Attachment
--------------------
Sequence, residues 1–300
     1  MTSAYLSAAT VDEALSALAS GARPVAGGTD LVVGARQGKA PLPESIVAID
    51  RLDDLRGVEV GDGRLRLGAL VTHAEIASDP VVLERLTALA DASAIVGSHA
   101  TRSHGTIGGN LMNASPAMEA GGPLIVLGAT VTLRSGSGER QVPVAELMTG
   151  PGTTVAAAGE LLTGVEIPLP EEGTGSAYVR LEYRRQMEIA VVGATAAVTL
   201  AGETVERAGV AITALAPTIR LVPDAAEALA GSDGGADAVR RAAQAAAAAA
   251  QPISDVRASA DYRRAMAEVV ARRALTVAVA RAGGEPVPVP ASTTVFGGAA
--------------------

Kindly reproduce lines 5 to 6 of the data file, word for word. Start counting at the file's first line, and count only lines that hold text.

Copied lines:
   151  PGTTVAAAGE LLTGVEIPLP EEGTGSAYVR LEYRRQMEIA VVGATAAVTL
   201  AGETVERAGV AITALAPTIR LVPDAAEALA GSDGGADAVR RAAQAAAAAA